This is not “illness”. This is a totally understandable and natural reaction to horrendous occurrences. The reaction is in itself awful beyond what most of us can imagine. I don’t want to belittle these problems and these people’s suffering, quite the opposite. I want society to re-assess how we look at and behave towards people who are suffering with non-physically-explainable problems.

I am not suggesting that those who have been diagnosed with the likes of Bipolar Disorder have nothing wrong with them. I am definitely not saying they should just “pull themselves together”. I am just saying that if we see this kind of problem as the result of a troubled childhood rather than as an illness or worse still a permanent condition, maybe we can improve the lot of those who suffer, remove the stigma, and ultimately improve quality of life (dare we use the word “cure”? Certainly “get over”).  

Do these labels serve us or keep us back?

I think labels like “Bipolar” actually keep people down. I think they become a self-fulfilling prophecy. I think we need to start to ignore these labels and look at each person on a case by case basis. Remember diagnosis is made purely from an assessment of symptoms. It does not follow that those who have the same symptoms have the same condition.

Let’s stop using daft labels. They might help psychiatrists but they don’t help patients much. Mental Illness doesn’t really exist. Natural human reactions exist and we can learn to change and deal with them through various sorts of therapy, drugs.


Anxiety and over-the-counter impotence medication

In the UK from Valentine’s day Boots the Chemist Plc will be selling Viagra over the counter. I just wanted to address the problem of sexual dysfunction in people with anxiety disorders.

Most people in their lives will experience some kind of sexual dysfunction, often during a period of hardship or stress. It is not something you need to worry about unless it becomes persistent. For most people a good holiday is all they need.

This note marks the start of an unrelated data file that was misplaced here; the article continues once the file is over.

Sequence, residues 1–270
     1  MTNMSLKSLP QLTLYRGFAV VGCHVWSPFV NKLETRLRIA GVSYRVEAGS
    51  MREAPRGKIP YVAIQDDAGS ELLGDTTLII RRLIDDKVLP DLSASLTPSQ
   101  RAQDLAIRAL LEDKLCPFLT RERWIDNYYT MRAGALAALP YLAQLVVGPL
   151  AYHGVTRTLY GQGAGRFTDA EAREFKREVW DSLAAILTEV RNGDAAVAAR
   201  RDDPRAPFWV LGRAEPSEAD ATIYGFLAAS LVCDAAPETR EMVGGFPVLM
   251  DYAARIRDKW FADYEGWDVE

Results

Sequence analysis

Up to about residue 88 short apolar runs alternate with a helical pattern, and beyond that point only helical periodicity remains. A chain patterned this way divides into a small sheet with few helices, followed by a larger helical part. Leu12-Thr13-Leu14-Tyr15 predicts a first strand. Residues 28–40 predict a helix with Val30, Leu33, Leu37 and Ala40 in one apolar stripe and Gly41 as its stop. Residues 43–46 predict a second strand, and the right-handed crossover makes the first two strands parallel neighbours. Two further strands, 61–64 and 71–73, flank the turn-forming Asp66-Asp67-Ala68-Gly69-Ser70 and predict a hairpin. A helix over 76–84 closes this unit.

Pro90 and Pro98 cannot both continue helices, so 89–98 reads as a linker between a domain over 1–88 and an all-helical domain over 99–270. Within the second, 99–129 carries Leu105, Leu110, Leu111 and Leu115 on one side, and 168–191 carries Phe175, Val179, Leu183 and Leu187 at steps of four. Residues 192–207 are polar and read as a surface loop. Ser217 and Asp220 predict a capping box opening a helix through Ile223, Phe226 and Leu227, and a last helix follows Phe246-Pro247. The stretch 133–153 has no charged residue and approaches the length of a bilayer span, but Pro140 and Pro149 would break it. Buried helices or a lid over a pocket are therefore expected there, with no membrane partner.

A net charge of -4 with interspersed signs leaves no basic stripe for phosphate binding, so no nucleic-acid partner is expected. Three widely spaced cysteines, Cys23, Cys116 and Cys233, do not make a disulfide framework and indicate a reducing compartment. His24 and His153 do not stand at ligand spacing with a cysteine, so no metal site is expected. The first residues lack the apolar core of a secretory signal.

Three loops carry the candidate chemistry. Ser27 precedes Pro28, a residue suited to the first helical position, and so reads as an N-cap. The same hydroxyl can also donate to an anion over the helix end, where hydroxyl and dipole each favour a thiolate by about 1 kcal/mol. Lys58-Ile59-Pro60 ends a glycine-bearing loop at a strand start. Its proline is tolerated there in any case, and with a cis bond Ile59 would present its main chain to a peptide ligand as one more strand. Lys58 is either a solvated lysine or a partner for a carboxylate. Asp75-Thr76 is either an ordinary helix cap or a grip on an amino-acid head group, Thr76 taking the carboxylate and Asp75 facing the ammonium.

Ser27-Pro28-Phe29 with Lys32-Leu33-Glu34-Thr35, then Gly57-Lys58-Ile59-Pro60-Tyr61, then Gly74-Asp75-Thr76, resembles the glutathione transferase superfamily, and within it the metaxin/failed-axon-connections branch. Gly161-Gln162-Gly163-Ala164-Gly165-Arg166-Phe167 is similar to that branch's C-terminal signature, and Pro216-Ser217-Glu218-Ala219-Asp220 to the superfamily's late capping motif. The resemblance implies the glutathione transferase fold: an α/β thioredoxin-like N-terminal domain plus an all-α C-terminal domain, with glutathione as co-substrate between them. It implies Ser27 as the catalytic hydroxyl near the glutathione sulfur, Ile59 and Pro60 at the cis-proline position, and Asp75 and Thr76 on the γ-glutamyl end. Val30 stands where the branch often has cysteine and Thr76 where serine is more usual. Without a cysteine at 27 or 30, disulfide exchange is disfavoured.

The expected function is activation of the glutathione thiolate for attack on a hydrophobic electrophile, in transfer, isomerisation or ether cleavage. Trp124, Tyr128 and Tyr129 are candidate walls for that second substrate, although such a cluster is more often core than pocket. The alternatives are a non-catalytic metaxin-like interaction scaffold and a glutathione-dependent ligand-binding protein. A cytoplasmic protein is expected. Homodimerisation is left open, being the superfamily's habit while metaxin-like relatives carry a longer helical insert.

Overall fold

Nowadays doctors tend to state the most sexual dysfunction is part physical and part psychological. But for those with anxiety the news that they may have something physical wrong with them can come as a nasty shock, resulting in more stress.

Fear not. While having a physical check over is a great idea, it is more than likely that if you suffer from stress and anxiety that your sexual dysfunction is purely down to that. Indeed it is a well-known symptom of stress and mood disorders, including depression. The good news is that it will probably clear up as you deal with your anxiety, depression etc.

The bad news is people out there are trying to sell you cures. Medical cures treat medical problems, not psychological ones. Boots PLC are offering this Viagra at £50 for four tablets, which is a lot of money for something which is not normally prescribed for patients with anxiety induced sexual dysfunction.

The best thing for performance anxiety is probably relaxation, thought stopping, and a commitment to partake in therapy to deal with the underlying cause of the anxiety.

Just to add: SSRI medication like Celexa and Prozac might help with your mood levels and anxiety symptoms, but can also have lack of libido or sexual dysfunction as a side effect.



New Sleeping Techniques

Just to let you know that I have added to the new insomnia section with a page containing a valuable sleeping technique that I learnt a long time ago.

It is a cross I suppose between a meditation and visualization, but for relaxing the mind for sleep it seems better than both.

I will in the future look at other ways of getting a good night’s sleep, because I am convinced that it is an important part of getting over anxiety, depression, panic and stress. Don’t forget to look at the aforementioned CBT method of overcoming insomnia, because much of that is invaluable.

Sorry it’s a brief post today! More tomorrow! tags: , , , ,